Sen. Ed Markey (D-Mass.) has teamed up with ten other Democratic senators to introduce a bill that would restore the FCC broadband privacy rules House and Senate Republicans just took away with a Congressional Review Act (CRA) resolution of disapproval.
Markey was a leading supporter of the FCC rules and pledged to fight their rollback by Republicans.
“Thanks to Congressional Republicans, corporations, not consumers, are in control of sensitive information about Americans’ health, finances, and children," said Markey.
"The Republican roll-back of strong broadband privacy rules means ISP no longer stands for Internet Service Provider, it stands for 'Information Sold for Profit,'" said Markey. "This legislation will put the rules back on the books to protect consumers from abusive invasions of their privacy. Americans should not have to forgo their fundamental right to privacy just because their homes and phones are connected to the internet.”
The CRA resolution prevents the FCC from restoring the rules in substantially the same form, so that even if FCC chairman Ajit Pai wanted to restore them, which he definitely does not, it would take the literal act of Congress to do so.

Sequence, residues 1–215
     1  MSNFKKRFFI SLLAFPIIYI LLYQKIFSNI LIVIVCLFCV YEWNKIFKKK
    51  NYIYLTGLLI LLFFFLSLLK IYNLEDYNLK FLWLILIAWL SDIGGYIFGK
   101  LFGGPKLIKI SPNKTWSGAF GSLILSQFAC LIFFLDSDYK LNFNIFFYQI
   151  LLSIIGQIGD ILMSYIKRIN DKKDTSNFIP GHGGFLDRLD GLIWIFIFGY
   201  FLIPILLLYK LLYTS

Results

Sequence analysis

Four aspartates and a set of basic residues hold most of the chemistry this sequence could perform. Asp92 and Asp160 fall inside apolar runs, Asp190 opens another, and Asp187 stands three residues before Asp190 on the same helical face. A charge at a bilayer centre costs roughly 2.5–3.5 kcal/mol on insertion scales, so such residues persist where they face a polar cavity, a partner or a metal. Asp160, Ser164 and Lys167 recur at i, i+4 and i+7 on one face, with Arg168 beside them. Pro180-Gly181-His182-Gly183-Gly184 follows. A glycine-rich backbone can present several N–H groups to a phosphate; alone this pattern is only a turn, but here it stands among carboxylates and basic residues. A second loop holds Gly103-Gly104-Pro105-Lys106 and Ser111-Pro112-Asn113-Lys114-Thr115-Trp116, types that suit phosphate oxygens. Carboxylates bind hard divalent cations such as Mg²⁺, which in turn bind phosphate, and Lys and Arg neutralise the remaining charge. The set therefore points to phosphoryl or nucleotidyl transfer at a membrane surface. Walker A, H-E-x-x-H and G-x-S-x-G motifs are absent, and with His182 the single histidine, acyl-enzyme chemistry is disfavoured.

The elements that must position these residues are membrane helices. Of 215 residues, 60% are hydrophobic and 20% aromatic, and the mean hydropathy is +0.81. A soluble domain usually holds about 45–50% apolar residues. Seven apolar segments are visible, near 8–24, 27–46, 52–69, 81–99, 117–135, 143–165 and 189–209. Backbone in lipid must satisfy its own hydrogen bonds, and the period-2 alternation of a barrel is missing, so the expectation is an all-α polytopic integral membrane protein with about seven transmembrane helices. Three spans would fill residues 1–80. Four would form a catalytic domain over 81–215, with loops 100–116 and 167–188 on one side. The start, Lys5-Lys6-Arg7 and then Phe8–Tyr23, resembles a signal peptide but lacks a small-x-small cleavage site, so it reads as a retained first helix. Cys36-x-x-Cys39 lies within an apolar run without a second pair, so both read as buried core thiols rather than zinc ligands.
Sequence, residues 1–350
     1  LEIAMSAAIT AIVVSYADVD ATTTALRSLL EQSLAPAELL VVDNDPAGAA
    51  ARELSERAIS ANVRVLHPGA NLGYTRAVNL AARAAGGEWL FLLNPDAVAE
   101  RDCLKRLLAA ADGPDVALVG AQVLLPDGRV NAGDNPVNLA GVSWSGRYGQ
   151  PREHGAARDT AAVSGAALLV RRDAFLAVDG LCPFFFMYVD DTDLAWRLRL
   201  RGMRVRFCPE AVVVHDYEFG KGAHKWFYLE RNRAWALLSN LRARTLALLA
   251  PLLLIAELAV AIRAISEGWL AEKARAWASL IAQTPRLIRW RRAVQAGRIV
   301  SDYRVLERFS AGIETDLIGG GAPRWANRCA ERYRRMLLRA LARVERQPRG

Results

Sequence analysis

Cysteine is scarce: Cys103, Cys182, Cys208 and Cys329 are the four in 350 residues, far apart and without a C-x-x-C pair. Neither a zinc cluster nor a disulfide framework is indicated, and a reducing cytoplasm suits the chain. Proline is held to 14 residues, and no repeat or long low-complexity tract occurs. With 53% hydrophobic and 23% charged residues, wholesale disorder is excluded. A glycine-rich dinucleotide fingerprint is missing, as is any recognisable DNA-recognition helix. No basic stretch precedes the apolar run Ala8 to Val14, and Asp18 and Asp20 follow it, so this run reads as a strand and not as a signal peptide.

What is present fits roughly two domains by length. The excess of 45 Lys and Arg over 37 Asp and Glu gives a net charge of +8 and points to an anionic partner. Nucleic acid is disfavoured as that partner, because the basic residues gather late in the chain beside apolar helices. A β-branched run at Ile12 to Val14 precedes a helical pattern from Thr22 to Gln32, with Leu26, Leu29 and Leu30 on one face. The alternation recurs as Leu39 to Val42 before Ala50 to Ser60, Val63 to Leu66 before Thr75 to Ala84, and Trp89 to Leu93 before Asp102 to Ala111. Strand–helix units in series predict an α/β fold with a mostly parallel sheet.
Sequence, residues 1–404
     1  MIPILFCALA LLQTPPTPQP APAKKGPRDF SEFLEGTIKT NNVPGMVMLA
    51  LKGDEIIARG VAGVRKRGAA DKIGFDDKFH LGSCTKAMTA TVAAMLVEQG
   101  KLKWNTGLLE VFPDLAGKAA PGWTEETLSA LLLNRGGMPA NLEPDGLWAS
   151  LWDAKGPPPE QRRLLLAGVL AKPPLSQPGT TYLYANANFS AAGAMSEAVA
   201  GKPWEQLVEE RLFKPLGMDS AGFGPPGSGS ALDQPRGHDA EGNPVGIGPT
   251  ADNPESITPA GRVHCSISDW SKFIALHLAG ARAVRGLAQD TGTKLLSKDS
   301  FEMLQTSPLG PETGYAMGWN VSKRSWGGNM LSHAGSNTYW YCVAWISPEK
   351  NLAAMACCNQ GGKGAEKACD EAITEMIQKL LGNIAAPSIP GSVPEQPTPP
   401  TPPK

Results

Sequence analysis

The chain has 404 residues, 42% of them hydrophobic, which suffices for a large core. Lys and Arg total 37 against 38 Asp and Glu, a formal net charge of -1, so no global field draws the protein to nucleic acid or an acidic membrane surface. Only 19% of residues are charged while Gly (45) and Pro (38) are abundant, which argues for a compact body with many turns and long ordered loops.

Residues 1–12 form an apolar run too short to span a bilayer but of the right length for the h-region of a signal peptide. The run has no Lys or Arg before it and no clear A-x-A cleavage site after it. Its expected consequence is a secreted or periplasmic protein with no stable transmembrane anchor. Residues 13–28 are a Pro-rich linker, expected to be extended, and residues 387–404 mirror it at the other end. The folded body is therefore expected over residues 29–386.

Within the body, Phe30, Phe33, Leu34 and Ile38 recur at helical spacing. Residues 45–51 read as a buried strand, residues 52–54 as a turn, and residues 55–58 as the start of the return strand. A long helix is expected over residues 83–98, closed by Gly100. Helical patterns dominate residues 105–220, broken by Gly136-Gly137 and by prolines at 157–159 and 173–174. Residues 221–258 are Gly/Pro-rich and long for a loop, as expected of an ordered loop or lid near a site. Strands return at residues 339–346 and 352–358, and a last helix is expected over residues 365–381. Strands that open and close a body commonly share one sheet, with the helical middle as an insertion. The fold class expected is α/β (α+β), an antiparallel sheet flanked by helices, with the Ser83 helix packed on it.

Co-sponsoring the bill are Sens. Richard Blumenthal (D-Conn.), Elizabeth Warren (D-Mass.), Bernie Sanders (I-Vt.), Jeff Merkley (D-Ore.), Martin Heinrich (D-N.M.), Tom Udall (D-N.M.), Patrick Leahy (D-Vt.), Tammy Baldwin (D-Wis.), Chris Van Hollen (D-Md.), and Al Franken (D-Minn.).
Markey is hedging his bets. He has also reached out to ISPs to get them on the record on how they will protect privacy in the absence of the rules. They have pledged to abide by voluntary standards and have pointed out that the FCC's rules, in large part, had not been in place when they were rolled back.